GOVERNMENT AND LEGISLATION.

Chinese government parental — Practice at Canton exceptional — In-
fluence of public opinion — Motives to education — Love of peace
— Reverence for age — • Influence of wealth — No hereditary aris-
tocracy — The emperor — Ministers — Macliinery of government —
Pro\incial magistrates — Civil ofiicers superior to military — The
army — Implements of war — Penal code — Its arrangement —
Punishments — Privileges and exemptions — Crimes — Testimonies
in favour of the code — Sanctions superior to will of emperor . 249



xii CONTENTS OF VOL. I.

CHAPTER IX.

NATIONAL OIARACTER AND INSTITUTIONS.

Worst specimens of Chinese at Canton — Instance of gratitude —
Good and bad traits — Pride and ignorance — Respect for age —
Regard to kindred and liirthplace — Infanticide — Physical cha-
racteristics — Earliest iuliabitants — Personal appearance — Caprices
of national taste — Primitive features — Imperial kindied — Im-
portance of talent and learning — Descendants of Confucius —
Absence of ostentation — Condition of women — Marriage cere-
monies — Desire of male progeny — Education — Funeral rites —
Primogeniture Page 296

CHAPTER X.

MANNERS AND CUSTOMS.

The new year — Presents — Feast of lanterns — Fireworks — Con-
trariety of customs to our own — Festivals — Meeting the spring
— Encom-agements to husbandry — Festival for the dead — Cere-
monial usages — Feasts and entertainments — Description of a
dinner — Asiatic politeness — Articles of food — Taverns and
eating-houses — Amusements — Gambling — Conviviality — Kite-
fljing — Imperial himts — Skating 345

CHAPTER XI.

MANNERS AND CUSTOMS — (continued.)

Costume of upper classes — Arms not worn — Summer and winter
costume — Paucity of linen — Furs and skins — No sudden changes
of fashion — IModes prescribed by authority — • Honours to just
magistrates — Shaving and shampooing — Female dress — Dwell-
ings — Gardens — Furniture — Travelling by land — The post —
Itinerary — Conveyance of goods — Travelling by water — The
vessels — Passing a sluice — Antiquity of canals 383



CONTENTS OF VOL. I. xiii

CHAPTER XII.

CITIES — PEKING,

External walls — The Tartarian city — The YeUow Wall — The
Chinese city — Occasional scarcity — Dangers of the emperor —
Gardens of Yuen-ming-yuen — Scene in last embassy — Expenses
of the court — Tartars and Chinese — Police — Murder of a French
crew — Punishment of assassins Page 420

CHAPTER XIII.

CITIES — NAXKIXG AND CANTON.

Nanking partially depopulated — Occurrence in last embassy — View
within the wall — Similarity of Chinese cities — Canton : streets
and shops — Blercantile corporations — • Fhes — Charitable insti-
tutions — Clans and fi-aternities — Temples — Inundation of foreign
factories — Their limits — China-street and Hog-lane — Population

— Female infanticide — Kidnapping childi-en — People of the coast

— The military — Forts 4:47



ILLUSTRATIONS.



Pace

View on Canton Kiveb 42

TuE Emperoe Kien-loono 63

Sketch neae Canton 100

Passing a Sluice 186

Plan, Elevation, and Section op the G-eeat Wall .. .. 193

BuDHiST High Peiest 214

Chinese Military Station, with Soldiees 246

Mandaein seated in a Sedan 271

Chinese Shield 276

Insteuments of "Wae 277

Punishment of Wooden Collae 284

Small Feet of a Chinese Lady 312

Chinese Booksellee 336

Chinese Sepulchee 340

Chinese Lanteens 348

Oblations 355

Teacups on Stands 358

EicE-BOWL AXD Chopsticks 366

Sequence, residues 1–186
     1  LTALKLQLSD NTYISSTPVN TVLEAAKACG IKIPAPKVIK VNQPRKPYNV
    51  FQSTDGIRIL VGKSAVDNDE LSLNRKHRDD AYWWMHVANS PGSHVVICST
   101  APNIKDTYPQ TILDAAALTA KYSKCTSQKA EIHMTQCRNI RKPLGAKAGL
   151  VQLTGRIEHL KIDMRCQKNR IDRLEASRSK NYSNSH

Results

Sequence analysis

Chinese Jugglee 380

Fan and Case and Belt 384

PUESE 384

SUMMEE AND WiNTEE CaPS 386

Chinese Gentleman and Seevant 388

Men's Shoes 389

Audience of Kien-loong 392

Husbandman 397

Inteeioe of Mansion 402

Chinese Jaes and Household Oenaments 406

Mandaein bearing Empeeoe's Lettee 408

Accommodation-Barge 413

Nine-stoeied Pagoda 451



OTEODUCTIOK



The following- work owes its orio-in to a collection of
notes which the author made while resident in China 5
and these notes were compiled for a reason not altogether
dissimilar to the motive which a French writer alleges
for an undertaking of the same kind — " le desir de tout
connaitre, en etant oblige de le decrire." A residence of
more than twenty years (which terminated in the author
succeeding the late amiable and unfortunate Lord Napier
as his Majesty's chief authority in China) was perhaps
sufficiently calculated to mature and correct those opi-
nions of the country and people which he had formed,
as a very young man, in accompanying Lord Amherst
on the embassy to Peking in 1816. If some acquaint-
ance, besides, with the language and literature of the
Chinese empire was not of considerable use and assist-
ance to him in increasing the extent and accuracy of
his information, it must have been his own fault entirely,
and not any want of opportunities and means.

It is singular that no general and systematic work on



xvi INTRODUCTION.

China had ever yet been produced in this country, not-
withstanding that our immediate interest in the subject
was vastly greater than that of any other European
nation. At the head of travels^ both as to date and
excellence, stand the authentic account of Lord Macart-
ney's Mission by Staunton, and Barrow's ' (Jhina,' to both
of which works it will be seen that reference has been*
more than once made in the following pages. The above
authorities have not been superseded by anything that
has since appeared, though the works of Mr. Ellis and
Dr. Abel, the results of Lord Amherst's embassy, are of
a highly respectable class, and contain much valuable
information on those points to which they confine them-
selves. Still no general account of the Cliinese empire
had ever issued from the English press ; and Pfere du
Ilalde's heavy compilation long remained the only me-
thodised source of information on the subject. Above a
century has now elapsed since that voluminous and in
many respects highly valuable work was first printed. A
great deal has of necessity become antiquated, and it is
not easy for any one, who is personally unacquainted with